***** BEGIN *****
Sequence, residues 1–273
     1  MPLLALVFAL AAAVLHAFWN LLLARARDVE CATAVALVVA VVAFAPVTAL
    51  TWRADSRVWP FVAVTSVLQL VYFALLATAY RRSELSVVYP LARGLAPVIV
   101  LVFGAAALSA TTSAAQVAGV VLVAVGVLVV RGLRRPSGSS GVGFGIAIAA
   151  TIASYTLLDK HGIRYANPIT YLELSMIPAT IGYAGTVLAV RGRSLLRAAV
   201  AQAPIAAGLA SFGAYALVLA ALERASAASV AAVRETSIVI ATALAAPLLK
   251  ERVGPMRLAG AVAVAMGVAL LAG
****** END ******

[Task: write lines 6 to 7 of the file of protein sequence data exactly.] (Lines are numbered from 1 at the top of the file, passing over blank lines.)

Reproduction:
   201  AQAPIAAGLA SFGAYALVLA ALERASAASV AAVRETSIVI ATALAAPLLK
   251  ERVGPMRLAG AVAVAMGVAL LAG